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Strength in Diversity: Working With an All-Male Team

Maria Khaleel

I am a senior pastor with five staff members who are males. I also serve as a district presbyter with some 30 male presbyters and district officials. So I can look at our subject from a unique position.

First, we will consider the historical precedent for involvement of women in ministry. Then, a biblical precedent for women in ministry in a male-dominated culture. Then an Old Testament model of a female who served in a predominately male situation. Then, a contemporary setting of some dynamics of being a female in a predominately male ministry environment.

Historical precedent for women in ministry

In Pentecostalism’s early years it was not unusual to see women preaching, pastoring and leading. And although the Assemblies of God has the highest per capita percentage of credentialed women among any denominations, with our most recent statistics showing that there are 5,225 credentialed women, yet the number of women who are serving in senior leadership roles presently is minimal. Presently only 387 serve as senior pastors, and 10 serve as sectional presbyters.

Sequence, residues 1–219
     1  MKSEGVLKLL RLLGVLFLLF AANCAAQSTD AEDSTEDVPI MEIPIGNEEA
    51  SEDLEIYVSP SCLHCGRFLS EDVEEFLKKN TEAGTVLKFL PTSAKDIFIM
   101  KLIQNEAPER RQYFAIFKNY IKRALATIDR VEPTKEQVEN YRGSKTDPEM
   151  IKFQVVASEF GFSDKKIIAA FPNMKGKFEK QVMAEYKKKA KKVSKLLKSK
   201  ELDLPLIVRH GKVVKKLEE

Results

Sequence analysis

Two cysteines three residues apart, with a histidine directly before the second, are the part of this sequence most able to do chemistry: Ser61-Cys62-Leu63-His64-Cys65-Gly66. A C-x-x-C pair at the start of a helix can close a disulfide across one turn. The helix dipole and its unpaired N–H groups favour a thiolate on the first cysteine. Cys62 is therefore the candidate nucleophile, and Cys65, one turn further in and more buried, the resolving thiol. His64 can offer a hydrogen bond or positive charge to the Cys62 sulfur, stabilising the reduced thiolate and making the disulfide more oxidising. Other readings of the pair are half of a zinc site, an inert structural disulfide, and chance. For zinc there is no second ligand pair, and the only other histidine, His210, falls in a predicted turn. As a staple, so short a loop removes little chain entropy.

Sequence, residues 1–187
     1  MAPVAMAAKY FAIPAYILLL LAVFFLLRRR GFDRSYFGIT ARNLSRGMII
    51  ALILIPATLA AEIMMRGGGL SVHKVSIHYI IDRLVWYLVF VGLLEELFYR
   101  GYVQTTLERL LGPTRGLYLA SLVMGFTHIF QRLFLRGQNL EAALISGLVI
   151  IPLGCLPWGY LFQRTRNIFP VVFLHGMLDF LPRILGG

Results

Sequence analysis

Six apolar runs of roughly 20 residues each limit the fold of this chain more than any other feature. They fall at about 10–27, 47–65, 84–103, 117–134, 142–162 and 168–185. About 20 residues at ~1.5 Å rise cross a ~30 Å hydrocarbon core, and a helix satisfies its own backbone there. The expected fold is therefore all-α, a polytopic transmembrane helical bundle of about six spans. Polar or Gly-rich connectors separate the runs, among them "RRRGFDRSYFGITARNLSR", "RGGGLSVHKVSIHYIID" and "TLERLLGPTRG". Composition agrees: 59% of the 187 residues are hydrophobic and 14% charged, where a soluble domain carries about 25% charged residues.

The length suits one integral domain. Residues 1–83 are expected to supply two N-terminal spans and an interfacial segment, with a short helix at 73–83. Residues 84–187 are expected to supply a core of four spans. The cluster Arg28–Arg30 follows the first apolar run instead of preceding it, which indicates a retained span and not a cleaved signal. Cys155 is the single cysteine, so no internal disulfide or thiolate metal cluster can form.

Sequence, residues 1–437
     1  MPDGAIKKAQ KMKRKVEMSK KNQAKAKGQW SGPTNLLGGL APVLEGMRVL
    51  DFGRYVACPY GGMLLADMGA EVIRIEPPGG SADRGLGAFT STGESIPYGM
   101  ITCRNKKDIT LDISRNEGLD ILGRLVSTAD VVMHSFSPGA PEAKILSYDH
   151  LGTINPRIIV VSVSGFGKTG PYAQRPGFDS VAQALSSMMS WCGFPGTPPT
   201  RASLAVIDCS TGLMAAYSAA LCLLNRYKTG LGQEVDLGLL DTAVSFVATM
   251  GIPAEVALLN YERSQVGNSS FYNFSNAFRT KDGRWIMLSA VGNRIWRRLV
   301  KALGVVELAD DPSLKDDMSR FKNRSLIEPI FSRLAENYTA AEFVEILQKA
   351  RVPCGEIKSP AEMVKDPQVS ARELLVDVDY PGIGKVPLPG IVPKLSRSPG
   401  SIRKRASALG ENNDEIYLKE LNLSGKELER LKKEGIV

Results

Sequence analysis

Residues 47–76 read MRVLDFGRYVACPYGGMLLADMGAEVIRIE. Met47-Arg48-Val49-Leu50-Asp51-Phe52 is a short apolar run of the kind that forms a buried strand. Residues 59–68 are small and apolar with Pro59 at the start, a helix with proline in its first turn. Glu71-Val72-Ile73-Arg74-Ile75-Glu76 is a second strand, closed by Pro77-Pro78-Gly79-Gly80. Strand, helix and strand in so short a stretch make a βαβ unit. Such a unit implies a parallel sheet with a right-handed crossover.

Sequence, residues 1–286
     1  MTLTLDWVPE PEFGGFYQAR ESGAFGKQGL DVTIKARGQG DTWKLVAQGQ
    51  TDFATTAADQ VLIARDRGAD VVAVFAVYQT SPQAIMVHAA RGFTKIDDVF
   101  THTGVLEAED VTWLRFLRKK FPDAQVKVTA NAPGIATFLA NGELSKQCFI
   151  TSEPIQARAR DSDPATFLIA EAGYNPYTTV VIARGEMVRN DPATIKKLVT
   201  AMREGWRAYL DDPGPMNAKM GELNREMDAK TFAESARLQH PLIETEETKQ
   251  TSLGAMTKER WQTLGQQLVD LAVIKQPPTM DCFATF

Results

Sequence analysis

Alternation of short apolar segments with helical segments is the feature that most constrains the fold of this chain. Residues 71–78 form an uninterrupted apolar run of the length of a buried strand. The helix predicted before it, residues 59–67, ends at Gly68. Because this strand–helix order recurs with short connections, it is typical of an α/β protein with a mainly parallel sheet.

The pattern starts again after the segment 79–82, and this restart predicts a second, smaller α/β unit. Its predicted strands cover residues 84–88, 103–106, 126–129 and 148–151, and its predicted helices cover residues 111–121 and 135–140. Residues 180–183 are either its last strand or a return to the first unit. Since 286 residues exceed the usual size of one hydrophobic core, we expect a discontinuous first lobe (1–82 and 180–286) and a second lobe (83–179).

The Assemblies of God ordained women at the first General Council in Hot Springs, Arkansas, in 1914. And by 1936 there was one ordained woman for every four ordained men. At one point six of Azusa Street’s 12-member credentials committee were female. Florence Crawford founded the Apostolic Faith movement out of Portland, Oregon. Aimee Semple McPherson founded the International Church of the Foursquare Gospel; at one time 37 percent of its ministers were female.